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Is Kevin Harvick a Contender Again in 2013 Chase After Win at Kansas?

KANSAS CITY, KS - OCTOBER 06:  Kevin Harvick, driver of the #29 Budweiser Chevrolet, celebrates in Victory Lane after winning the NASCAR Sprint Cup Series 13th Annual Hollywood Casino 400 at Kansas Speedway on October 6, 2013 in Kansas City, Kansas.  (Photo by Sean Gardner/Getty Images)
Sean Gardner/Getty Images
Joe MenzerFeatured Columnist IIDecember 30, 2016

Kevin Harvick's Sprint Cup season could have been miserable.

Having announced long before the season began that at its end he would leave Richard Childress Racing, the only employer he has ever known in NASCAR's top national touring series, for Stewart-Haas Racing, it appeared that the potential for a lost lame-duck year might very well be in order.

Instead, Harvick has indeed succeeded in living up to his nickname of Happy, winning for the third time of the season in the Hollywood 400 at Kansas Speedway on Sunday and in the process at least injecting his name back into the Chase for the Sprint Cup conversation. Now 25 points behind points leader Matt Kenseth with six races remaining in NASCAR's playoffs, Harvick at least has a chance.

He went into the race at Kansas needing to do something spectacular, and he did it.  

On a day when at least one other Chase contender, Kyle Busch, succumbed to the perils of racing on a surface that Harvick likened to "driving on a razor blade" per the Associated Press via the Washington Post, Harvick pulled away from Kurt Busch and Jeff Gordon to win a wreck-filled race on the recently repaved 1.5-mile track.

KANSAS CITY, KS - OCTOBER 06:  Kevin Harvick, driver of the #29 Budweiser Chevrolet, celebrates with a burnout after winning the NASCAR Sprint Cup Series 13th Annual Hollywood Casino 400 at Kansas Speedway on October 6, 2013 in Kansas City, Kansas.  (Phot
Jamie Squire/Getty Images

And while what Harvick did was mighty impressive, what happened to Busch actually may have provided Harvick and his No. 29 Chevrolet team with the most hope concerning Happy's title chances.

The Chase appeared to already be whittled down to a three-man race prior to the Kansas event, with Busch trailing Kenseth and Jimmie Johnson by the slightest of margins and everyone else seemingly on the outside looking in.

The general thought was that one of the three leading drivers might mess up over the final races, but not all three. And certainly no one expected one of them to self-destruct as quickly as Busch did, wrecking twice within moments and ultimately settling for a 34th-place finish that dropped him from third to fifth in the point standings, 35 behind Kenseth.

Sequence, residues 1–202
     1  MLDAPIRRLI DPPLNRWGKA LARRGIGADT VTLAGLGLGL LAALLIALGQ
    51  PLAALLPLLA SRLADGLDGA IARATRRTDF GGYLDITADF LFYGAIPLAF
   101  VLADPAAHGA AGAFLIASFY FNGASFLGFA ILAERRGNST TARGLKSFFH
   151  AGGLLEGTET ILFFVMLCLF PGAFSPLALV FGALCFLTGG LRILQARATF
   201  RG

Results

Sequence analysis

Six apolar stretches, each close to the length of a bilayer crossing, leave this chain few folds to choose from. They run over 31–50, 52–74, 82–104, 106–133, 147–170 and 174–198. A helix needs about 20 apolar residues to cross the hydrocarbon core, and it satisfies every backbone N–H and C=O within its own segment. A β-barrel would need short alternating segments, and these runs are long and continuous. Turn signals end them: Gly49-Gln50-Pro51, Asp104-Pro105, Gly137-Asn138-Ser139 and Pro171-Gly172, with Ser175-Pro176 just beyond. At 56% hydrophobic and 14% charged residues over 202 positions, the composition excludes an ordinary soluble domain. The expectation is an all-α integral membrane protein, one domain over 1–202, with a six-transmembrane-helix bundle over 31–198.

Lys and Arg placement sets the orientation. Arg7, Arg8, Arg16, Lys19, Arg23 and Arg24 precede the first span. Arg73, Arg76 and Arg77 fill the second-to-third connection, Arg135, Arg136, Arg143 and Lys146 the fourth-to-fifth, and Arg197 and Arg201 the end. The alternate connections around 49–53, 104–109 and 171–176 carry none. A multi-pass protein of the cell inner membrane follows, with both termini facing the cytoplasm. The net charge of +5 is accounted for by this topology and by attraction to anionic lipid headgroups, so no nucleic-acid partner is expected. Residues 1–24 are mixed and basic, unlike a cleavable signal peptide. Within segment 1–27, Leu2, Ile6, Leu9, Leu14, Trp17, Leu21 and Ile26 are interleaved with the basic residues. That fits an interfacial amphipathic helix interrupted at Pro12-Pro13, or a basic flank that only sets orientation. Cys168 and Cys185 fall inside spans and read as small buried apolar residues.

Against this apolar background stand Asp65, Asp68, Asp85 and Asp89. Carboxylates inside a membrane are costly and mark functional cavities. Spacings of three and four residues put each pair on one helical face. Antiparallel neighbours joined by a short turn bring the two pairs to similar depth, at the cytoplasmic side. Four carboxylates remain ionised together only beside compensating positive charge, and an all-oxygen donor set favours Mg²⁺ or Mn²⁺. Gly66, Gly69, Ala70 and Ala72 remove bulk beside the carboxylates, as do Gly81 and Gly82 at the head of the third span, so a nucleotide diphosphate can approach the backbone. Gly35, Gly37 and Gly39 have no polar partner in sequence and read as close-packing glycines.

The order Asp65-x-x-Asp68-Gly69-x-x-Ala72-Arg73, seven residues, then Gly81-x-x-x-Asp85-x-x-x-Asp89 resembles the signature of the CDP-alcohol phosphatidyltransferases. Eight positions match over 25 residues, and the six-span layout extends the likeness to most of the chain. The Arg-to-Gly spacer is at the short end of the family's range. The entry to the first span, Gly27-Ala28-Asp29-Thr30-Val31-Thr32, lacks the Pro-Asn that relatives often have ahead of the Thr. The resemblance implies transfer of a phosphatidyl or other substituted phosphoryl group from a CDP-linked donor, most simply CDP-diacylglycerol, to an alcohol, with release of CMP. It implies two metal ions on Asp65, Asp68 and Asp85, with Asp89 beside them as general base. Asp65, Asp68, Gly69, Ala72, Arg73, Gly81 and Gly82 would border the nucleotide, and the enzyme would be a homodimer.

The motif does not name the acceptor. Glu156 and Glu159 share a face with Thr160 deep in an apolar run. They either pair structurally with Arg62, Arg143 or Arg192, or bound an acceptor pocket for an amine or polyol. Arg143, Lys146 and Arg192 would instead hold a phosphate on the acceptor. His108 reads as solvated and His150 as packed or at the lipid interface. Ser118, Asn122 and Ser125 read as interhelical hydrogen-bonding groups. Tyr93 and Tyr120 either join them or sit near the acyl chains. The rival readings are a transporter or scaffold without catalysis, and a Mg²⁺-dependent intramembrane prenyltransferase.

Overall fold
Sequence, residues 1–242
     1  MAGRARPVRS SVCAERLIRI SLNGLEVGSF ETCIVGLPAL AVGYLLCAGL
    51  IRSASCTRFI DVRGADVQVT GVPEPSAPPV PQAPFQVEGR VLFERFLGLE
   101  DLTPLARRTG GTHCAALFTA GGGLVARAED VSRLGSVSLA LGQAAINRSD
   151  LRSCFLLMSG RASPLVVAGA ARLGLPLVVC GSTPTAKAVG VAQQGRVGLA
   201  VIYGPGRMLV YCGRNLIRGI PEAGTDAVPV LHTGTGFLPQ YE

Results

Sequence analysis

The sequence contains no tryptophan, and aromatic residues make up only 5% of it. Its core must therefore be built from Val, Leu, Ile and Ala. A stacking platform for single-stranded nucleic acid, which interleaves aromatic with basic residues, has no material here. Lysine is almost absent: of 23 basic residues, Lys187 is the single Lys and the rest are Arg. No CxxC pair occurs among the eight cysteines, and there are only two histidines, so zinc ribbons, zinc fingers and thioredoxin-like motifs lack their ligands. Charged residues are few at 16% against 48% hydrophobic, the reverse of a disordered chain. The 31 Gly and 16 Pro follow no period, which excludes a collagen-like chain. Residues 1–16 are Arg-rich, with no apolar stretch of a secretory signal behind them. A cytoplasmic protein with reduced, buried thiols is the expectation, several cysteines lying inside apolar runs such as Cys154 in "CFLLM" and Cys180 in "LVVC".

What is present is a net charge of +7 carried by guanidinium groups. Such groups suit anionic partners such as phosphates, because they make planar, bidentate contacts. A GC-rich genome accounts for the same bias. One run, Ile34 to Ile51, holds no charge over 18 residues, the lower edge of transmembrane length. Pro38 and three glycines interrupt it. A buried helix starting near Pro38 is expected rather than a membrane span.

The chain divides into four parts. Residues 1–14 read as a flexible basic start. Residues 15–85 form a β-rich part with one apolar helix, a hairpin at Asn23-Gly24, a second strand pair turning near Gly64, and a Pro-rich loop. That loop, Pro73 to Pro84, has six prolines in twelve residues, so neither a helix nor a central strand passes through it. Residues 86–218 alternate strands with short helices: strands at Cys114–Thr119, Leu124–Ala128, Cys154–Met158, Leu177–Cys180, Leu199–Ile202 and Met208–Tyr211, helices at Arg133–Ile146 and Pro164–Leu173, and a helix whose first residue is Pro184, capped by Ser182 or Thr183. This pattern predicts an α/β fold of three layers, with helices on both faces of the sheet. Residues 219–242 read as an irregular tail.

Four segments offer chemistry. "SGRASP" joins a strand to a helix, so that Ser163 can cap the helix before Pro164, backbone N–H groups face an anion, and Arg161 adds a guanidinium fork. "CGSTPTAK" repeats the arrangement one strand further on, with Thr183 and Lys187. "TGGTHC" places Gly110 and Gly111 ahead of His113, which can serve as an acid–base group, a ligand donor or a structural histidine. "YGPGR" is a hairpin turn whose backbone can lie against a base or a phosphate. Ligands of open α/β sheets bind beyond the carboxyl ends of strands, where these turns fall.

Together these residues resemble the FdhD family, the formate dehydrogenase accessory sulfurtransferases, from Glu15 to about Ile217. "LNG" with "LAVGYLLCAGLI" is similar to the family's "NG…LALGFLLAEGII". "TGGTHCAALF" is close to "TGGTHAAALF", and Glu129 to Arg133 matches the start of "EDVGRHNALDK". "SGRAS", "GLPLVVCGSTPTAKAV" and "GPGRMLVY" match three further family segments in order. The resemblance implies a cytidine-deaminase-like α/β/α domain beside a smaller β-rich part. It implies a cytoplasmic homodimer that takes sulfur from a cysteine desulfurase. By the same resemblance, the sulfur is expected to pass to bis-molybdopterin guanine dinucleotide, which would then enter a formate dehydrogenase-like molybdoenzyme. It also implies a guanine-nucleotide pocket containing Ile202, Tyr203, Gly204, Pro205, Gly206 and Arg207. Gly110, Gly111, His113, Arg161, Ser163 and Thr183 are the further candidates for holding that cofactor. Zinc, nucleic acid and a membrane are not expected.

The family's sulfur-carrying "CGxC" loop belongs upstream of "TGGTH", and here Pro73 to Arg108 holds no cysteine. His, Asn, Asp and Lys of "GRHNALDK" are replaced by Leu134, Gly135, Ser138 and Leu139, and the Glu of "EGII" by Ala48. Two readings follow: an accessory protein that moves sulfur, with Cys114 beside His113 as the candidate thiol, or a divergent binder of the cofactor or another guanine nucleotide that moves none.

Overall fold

Now suddenly not only does Harvick have the confidence to know he can win races in the Chase, but that confidence is bolstered by hard evidence that the guys in front of him are hardly invincible. Plus, Harvick now needs only two teams ahead of him in the standings to mess up.

It's still a tall order, as the teams of Kenseth and Johnson have proven to be stout all season long and aren't likely to make many mistakes.

But that's what was being said about Busch's team prior to Kansas as well.

And all of these guys still have to race at Talladega, the real Chase wild-card stop where anything can and will happen.

All of which leads us back to Harvick. It's very appropriate that he won the Hollywood Casino 400—a race named after the gambling establishment that now looms over Turn 2 at Kansas Speedway.

That's because he's playing with house money in a season when he wasn't given much of a chance to rake in all the chips. Harvick wants to go out at RCR giving long-time car owner Richard Childress his first championship since the late Dale Earnhardt won the last of six with Childress in 1994, nearly 20 years ago.

Harvick may be off to Stewart-Haas Racing next season, but a piece of his heart will always remain with RCR. He's fast on the track, motivated and focused. But there is less pressure on him as the underdog chasing Kenseth and Johnson under all of these unique circumstances than there would be on the Chase stage at this point in almost any other season.

He's still a long shot. But Harvick is at least back on the radar in the rear-view mirrors of Kenseth and Johnson with six races to go, clearly ready to pounce or go out in spectacular fashion while trying.


Follow Joe Menzer on Twitter @OneMenz




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